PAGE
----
Friday, September 14, 2012

When Boundaries Dissolve...

Donna Haraway wrote that “we are all chimeras, theorized and fabricated hybrids of machine and organism; in short, we are cyborgs.”  In these past few days I've realized how true this is, and I think it's kinda cool. If you think about how dependent we are on technology it can be somewhat overwhelming at first. Eyeglasses, pencils, cell phones, computers, radios, air conditioning, lights....the list goes on and on! Name one business man that is not attached to some type of electronic that tells him what's happening here and now. New media, whether we like it or not, is at the core of boundary-dissolution.  In fact, new media can also act as a catalyst in this dissolving process.

However, privacy and copyright laws have trouble staying up to speed with changes in new media.  Personal privacy has not completely become a thing of the past, but the lack of privacy on the internet in this day and age is appalling. People have the ability to post practically anything on websites. It’s almost becoming expected for privacy to be overlooked.  I do think there's still some hope though.  With social media sites such as Facebook or Google+, people can choose their privacy settings, therefore this privacy issue can be a decision. I think that most people simply overlook the settings because they want to go ahead and get to the fun stuff (uploading pics, chatting, etc). So in saying this, I think that privacy in this new media age is possible and really does matter, but it will be a conscious choice, rather than a common expectation.

Anyway you look at it, when boundaries disappear or shift, they are not gone forever.  New ones are bound to take their place (pardon the pun) simply because that is how order is kept.  If boundaries were to dissolve completely, what would we be left with besides a jumbled mess of misunderstandings?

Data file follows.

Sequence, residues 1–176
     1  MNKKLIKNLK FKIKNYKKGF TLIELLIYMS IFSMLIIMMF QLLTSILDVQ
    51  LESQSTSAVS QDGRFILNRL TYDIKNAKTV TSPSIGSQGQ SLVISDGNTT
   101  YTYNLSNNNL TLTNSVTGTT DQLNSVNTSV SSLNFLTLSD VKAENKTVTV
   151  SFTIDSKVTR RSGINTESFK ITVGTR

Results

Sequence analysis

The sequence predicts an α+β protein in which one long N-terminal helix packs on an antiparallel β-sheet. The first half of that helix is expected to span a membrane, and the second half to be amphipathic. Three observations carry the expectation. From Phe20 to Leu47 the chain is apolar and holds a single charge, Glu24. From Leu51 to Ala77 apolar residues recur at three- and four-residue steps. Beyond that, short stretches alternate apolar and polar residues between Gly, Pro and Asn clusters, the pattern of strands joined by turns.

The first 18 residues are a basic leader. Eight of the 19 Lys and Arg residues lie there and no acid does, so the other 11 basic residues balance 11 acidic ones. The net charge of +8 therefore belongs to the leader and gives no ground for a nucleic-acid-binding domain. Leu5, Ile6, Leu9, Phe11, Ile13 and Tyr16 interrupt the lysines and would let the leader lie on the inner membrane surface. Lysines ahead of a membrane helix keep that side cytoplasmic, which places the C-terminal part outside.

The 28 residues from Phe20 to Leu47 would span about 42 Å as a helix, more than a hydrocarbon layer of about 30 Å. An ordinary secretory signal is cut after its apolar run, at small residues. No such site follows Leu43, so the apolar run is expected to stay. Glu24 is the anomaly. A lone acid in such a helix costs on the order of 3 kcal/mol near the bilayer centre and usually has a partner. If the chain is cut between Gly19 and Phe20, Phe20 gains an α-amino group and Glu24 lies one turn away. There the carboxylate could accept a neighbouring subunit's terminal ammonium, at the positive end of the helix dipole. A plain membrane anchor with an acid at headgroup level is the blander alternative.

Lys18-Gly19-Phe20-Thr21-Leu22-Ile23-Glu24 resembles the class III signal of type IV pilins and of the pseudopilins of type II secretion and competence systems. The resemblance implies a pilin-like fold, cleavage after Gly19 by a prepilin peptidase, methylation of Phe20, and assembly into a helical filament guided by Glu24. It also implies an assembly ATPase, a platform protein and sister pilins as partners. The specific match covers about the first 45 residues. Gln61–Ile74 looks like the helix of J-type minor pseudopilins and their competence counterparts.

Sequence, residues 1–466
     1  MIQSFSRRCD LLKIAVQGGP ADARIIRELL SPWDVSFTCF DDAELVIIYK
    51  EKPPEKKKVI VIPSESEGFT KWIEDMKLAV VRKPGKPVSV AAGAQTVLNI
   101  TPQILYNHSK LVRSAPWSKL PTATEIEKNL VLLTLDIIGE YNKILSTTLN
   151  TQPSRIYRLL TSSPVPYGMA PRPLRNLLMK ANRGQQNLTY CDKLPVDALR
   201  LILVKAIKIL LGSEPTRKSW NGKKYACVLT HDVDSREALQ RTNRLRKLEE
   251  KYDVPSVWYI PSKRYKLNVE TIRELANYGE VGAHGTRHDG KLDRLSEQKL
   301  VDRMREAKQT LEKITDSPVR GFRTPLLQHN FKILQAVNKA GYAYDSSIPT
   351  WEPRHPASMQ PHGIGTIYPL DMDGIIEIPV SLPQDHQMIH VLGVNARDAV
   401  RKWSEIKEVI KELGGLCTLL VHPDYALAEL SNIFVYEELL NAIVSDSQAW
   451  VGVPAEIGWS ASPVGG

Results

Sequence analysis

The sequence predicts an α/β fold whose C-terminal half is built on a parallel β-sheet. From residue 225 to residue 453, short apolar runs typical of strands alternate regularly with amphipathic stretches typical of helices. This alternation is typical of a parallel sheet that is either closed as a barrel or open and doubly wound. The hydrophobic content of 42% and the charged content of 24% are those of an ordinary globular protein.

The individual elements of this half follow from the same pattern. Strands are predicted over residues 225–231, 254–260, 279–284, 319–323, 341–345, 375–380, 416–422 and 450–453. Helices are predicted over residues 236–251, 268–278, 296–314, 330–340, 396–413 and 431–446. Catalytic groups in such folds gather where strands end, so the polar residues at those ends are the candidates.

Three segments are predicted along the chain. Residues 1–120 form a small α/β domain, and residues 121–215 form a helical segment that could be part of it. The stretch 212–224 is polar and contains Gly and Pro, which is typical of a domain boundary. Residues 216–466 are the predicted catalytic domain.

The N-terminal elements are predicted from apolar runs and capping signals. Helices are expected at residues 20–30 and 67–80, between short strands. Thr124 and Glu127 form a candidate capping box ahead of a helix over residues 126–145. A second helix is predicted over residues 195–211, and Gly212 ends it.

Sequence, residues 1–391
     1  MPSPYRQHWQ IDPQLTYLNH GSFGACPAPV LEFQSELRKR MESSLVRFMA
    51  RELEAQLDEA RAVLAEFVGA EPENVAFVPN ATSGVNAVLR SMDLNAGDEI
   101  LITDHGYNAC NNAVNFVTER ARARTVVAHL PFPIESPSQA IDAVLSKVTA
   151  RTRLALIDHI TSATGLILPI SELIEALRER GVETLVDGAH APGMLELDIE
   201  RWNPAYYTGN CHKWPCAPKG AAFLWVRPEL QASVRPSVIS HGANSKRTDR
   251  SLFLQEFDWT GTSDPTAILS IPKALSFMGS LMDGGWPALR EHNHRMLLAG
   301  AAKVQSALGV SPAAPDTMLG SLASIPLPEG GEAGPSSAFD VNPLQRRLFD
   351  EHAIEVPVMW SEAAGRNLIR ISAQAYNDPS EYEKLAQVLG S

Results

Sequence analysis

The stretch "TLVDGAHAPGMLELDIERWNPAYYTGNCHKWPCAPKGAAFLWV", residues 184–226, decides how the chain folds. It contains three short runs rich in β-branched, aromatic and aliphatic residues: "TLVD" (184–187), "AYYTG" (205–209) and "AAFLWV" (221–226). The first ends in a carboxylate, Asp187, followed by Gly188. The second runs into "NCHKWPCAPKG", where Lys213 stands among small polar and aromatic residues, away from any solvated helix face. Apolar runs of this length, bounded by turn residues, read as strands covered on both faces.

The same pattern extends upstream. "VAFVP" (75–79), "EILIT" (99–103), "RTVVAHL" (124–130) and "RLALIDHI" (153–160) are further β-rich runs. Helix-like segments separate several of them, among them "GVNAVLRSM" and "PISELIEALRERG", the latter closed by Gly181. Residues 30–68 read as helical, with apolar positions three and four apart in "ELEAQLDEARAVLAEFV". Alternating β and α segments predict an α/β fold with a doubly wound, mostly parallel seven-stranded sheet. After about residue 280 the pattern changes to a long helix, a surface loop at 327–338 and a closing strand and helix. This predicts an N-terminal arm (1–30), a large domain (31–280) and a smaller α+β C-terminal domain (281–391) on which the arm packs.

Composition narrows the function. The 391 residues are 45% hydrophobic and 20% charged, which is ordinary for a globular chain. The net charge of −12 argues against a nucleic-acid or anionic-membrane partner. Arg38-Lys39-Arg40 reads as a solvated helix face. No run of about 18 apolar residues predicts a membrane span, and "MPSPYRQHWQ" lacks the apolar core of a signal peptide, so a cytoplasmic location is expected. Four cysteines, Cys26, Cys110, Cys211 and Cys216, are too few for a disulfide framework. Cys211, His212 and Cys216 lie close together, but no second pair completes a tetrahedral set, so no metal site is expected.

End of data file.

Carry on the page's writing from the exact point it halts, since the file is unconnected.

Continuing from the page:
Being required to work in sound this week was something of a challenge for me.  I’m not usually one to willingly mix and remix songs in my free time, and finding two that worked together was quite difficult.  I cannot count the number of songs I layered in attempt to find something that worked with pitch and tempo.  I even went as far as to try mixing the Imperial March from Star Wars with Come Together by the Beatles.  (And if you’re wondering, no, it didn’t work.  At all.)  I knew I wanted to try to mix songs that were polar opposites, so I started with numerous piano melodies by Michele McLaughlin only to find that none of the upbeat songs I had would match up.  After multiple fails, I finally decided to try layering Vivaldi’s The Storm with an upbeat song I had from a drill team camp.  To my surprise, it fit perfectly with only a few alterations to the beginning.  It was my ideal translation of a cyborg through music - the classical music representing us as humans and the upbeat music representing the technology that consumes us.

Overall, it turned out better than I expected, and I must say that I am proud of my newfound amateur DJ skills.  I might even decide to play around with music mixing more in the future.  

No comments:

Post a Comment